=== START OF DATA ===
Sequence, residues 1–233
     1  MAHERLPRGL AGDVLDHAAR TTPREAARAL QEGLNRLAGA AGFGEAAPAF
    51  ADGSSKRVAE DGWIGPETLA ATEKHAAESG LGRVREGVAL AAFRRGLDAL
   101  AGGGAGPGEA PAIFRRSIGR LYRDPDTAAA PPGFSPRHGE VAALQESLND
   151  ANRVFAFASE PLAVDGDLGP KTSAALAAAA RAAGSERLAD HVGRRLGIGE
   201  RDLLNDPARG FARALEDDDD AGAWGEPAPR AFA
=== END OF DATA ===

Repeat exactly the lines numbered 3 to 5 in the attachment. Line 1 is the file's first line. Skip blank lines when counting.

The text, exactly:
    51  ADGSSKRVAE DGWIGPETLA ATEKHAAESG LGRVREGVAL AAFRRGLDAL
   101  AGGGAGPGEA PAIFRRSIGR LYRDPDTAAA PPGFSPRHGE VAALQESLND
   151  ANRVFAFASE PLAVDGDLGP KTSAALAAAA RAAGSERLAD HVGRRLGIGE